One in 50 children are living with a disability. Although living with a disability isn’t necessarily rare, it can be very lonely and isolating.
One young woman is working to connect these kids to show them that they are not alone.
Livy has had epilepsy and cerebral palsy since she was born, so she’s in a wheelchair and she can’t speak.
Fifteen-year-old Livy didn’t need words to teach her twin sister Hailey some pretty valuable life lessons.
“She taught us acceptance and to give back to others and to appreciate what we have,” said Hailey Scheinman, President and CEO of Kids Crew.
With that in mind, Hailey Scheinman became the founder, president and CEO of Kids Crew.
“Welcome everyone to the Kids Crew meeting. We’re so excited to have you here,” said Scheinman.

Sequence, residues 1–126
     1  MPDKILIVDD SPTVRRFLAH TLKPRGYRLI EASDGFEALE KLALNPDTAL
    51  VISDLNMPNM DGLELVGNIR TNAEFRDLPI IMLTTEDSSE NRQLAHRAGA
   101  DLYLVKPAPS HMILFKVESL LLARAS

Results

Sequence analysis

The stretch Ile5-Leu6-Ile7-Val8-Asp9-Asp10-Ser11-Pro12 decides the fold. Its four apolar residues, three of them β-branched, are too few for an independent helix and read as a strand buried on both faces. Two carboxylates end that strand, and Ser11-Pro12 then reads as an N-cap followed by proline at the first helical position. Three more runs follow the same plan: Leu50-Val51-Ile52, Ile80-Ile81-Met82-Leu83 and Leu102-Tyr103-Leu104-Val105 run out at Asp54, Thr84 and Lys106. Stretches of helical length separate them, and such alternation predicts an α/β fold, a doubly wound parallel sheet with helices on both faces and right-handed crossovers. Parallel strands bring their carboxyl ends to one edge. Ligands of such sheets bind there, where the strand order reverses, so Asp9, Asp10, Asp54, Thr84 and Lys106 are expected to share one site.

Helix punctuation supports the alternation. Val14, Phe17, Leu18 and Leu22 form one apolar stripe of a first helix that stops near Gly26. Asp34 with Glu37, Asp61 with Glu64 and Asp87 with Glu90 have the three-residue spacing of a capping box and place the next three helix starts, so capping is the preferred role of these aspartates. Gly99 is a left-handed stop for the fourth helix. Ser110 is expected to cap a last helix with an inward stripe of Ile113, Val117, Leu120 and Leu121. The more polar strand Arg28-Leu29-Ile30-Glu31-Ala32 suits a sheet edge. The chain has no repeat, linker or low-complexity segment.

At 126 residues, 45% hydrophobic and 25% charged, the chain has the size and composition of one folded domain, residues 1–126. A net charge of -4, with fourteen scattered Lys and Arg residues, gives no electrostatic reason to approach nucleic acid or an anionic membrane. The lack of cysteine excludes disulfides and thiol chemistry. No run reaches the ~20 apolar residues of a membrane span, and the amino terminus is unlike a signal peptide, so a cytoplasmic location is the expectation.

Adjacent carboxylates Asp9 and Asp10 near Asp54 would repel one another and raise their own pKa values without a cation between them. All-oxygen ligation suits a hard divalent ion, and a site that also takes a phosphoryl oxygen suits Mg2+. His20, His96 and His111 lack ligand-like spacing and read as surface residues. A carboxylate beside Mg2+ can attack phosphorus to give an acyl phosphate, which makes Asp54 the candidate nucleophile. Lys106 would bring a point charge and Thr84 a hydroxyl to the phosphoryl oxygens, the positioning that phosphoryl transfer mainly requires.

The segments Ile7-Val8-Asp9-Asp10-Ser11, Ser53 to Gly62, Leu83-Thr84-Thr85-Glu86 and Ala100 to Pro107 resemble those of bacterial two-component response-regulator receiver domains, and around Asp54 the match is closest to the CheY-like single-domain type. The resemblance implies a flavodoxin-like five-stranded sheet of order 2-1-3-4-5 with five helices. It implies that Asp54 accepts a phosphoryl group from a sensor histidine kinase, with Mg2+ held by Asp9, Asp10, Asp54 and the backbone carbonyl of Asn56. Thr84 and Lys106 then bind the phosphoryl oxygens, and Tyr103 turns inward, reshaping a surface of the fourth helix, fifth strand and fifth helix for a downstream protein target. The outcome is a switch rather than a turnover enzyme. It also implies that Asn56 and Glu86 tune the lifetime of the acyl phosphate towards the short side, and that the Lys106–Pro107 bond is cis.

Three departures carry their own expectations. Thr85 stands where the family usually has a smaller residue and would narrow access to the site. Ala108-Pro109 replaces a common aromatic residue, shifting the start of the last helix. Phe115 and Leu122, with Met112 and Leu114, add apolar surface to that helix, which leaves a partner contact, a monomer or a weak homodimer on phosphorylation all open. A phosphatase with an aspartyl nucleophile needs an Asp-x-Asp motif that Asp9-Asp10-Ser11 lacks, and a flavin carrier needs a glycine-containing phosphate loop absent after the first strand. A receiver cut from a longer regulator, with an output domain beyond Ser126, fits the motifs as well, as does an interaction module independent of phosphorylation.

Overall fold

Kids Crew helps connect kids without epilepsy to kids with epilepsy.
“Kids are really accepting and once they learn to accept other people early on than that will last their whole lives,” said Scheinman.
Membership has grown to 2900 in 50 states.
This program teaches awareness, educates families and helps others. The movement caught the attention of the National Epilepsy Foundation.
“You want to make sure that other people are out there for you that you’re not alone in this,” said Laura Thrall from the Epilepsy Foundation of America.
The impact can be life changing. Many children with epilepsy are at an increased risk for bullying,, difficulties in social engagement, inadequate school skills and poor self-esteem.
“I think what we’re trying to do is say differences are okay,” said Thrall.
Kids Crew members take part in Lemonade for Livy which has raised $740,000 for charity and a priceless amount of awareness for kids living with epilepsy.
“We believe that kids can change the world. It doesn’t matter what your age is, you are able to make a difference,” said Scheinman.